Wednesday, 30 December 2015

Rievaulx Abbey

The last destination to be ticked off The List during our trip to North Yorkshire last September is Rievaulx Abbey.

I know I have already visited Rievaulx Abbey as a child, and it did seem a little familiar. Maybe it was memories of climbing over the maze of ruins and running round all the hiding places that came back to me.

Out of the three Abbeys we visited, this seems to have the most remaining, and the largest site. There was also a visitor centre detailing working lives of the monks of the abbey. This is also maintained by English Heritage (so the corporate membership we have really did pay off on this trip!) Rievaulx is a tiny village near Helmsley in North Yorkshire. Going down the tiny roads, which no doubt are treacherous in bad weather, led us to the first glimpses of the church within the abbey complex. The abbey dates back to 1130 and contains some of the oldest surviving buildings of the Cistercian movement (English Heritage). I understand from the information available that the abbey was a major architectural influence on the monastic church.

We could have easily spent a whole day around Rievaulx Abbey. We took a picnic and spent a good few hours there wandering through the archways, round the walls and along the paths. A good place to explore.

Kirkham Priory

Our trip to North Yorkshire allowed us to visit two other places on The List. The first was Kirkham Priory.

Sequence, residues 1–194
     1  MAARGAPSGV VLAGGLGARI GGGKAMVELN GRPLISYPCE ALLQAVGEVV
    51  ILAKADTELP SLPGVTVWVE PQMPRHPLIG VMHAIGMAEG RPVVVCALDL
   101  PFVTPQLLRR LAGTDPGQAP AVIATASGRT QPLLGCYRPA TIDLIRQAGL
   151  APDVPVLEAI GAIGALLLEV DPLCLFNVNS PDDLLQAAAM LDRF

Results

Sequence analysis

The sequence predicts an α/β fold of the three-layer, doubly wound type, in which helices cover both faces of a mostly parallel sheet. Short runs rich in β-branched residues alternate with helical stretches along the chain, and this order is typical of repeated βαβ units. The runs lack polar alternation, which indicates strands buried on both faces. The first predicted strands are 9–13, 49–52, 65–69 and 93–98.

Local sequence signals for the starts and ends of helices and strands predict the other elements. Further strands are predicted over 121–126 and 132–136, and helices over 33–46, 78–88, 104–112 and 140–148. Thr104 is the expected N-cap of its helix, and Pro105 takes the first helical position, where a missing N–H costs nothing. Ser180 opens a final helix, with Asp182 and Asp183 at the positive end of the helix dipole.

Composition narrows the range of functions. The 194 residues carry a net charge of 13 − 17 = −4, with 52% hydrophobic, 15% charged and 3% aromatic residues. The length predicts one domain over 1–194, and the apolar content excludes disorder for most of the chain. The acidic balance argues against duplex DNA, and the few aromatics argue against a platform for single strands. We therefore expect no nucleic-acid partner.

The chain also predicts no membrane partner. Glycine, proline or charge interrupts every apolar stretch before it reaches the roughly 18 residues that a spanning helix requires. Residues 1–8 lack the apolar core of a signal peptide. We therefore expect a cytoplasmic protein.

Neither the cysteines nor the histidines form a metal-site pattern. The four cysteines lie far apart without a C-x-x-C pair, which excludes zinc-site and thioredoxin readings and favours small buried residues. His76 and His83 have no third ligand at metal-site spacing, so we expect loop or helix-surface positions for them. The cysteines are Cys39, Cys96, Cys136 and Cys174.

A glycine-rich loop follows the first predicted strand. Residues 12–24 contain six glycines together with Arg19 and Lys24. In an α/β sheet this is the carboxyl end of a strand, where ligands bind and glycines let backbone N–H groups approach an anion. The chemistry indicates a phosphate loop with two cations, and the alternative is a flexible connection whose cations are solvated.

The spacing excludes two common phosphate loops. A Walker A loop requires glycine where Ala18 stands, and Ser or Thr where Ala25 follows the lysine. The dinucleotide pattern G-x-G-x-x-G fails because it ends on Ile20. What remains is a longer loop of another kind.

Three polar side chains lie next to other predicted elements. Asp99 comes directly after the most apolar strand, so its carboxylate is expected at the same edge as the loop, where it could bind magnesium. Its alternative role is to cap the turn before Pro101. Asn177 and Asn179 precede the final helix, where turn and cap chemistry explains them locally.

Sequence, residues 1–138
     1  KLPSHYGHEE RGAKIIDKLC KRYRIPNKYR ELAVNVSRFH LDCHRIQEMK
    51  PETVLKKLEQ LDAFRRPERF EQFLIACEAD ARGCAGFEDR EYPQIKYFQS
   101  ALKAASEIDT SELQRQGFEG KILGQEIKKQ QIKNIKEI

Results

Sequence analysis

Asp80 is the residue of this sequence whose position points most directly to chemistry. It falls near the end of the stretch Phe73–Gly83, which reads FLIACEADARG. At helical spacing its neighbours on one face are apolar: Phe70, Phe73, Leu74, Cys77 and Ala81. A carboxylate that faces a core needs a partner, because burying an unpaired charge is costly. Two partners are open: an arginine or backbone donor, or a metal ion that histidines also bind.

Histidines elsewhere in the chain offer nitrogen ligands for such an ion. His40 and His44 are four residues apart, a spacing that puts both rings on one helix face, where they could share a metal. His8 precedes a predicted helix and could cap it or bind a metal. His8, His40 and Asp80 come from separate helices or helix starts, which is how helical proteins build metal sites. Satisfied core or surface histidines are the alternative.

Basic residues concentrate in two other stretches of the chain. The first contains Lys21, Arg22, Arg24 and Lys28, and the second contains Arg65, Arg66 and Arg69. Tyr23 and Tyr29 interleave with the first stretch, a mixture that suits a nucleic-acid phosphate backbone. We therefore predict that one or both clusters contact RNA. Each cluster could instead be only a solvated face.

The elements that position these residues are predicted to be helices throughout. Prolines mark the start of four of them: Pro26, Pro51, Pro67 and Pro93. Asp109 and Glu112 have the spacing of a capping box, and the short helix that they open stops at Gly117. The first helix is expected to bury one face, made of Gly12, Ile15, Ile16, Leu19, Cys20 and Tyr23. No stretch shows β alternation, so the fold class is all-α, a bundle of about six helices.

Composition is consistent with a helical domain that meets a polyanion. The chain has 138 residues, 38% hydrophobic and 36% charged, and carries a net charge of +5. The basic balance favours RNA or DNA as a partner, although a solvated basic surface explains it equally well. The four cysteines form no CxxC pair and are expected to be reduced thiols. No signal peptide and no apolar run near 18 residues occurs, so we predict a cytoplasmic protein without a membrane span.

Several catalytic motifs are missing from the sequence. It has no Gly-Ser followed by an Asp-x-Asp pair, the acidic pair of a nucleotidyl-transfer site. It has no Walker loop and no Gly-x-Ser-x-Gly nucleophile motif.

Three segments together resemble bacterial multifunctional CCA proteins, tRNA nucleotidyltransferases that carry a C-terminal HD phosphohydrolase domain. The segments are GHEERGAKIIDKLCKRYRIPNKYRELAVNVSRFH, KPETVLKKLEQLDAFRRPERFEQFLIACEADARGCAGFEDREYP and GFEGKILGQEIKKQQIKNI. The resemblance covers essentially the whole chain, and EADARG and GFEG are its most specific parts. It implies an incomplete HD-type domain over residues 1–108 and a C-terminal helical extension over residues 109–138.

As previously detailed, the house teams at my primary school were named after local abbeys, and Kirkham was my team.

Kirkham Priory is the most familiar to me of the three on The List to visit, with it being on the banks of the River Derwent between Malton and York, and it comes into clear view from the train as it passes through. Having said that, again, it is one of those places that I don't actually recall visiting. I know I must have been there at some point, but if I did, I was probably at an age where I wasn't really paying much attention.

Kirkham Priory is maintained by English Heritage and I was interested to learn that the site was used in the time of Winston Churchill as a testing ground for D-Day operations. Who knew? Clearly not me!
Of the ruins themselves, the most striking and famous is the gatehouse with its intricate carvings. I didn't actually get a decent photo of this though! As the photos show on the English Heritage website, much of the remains are almost like a floor plan, but the size of the priory is still obvious.

The site is open and peaceful, even the passing trains do not interrupt the tranquility. If you are in the area, do visit for a lovely break away from the bustle of York.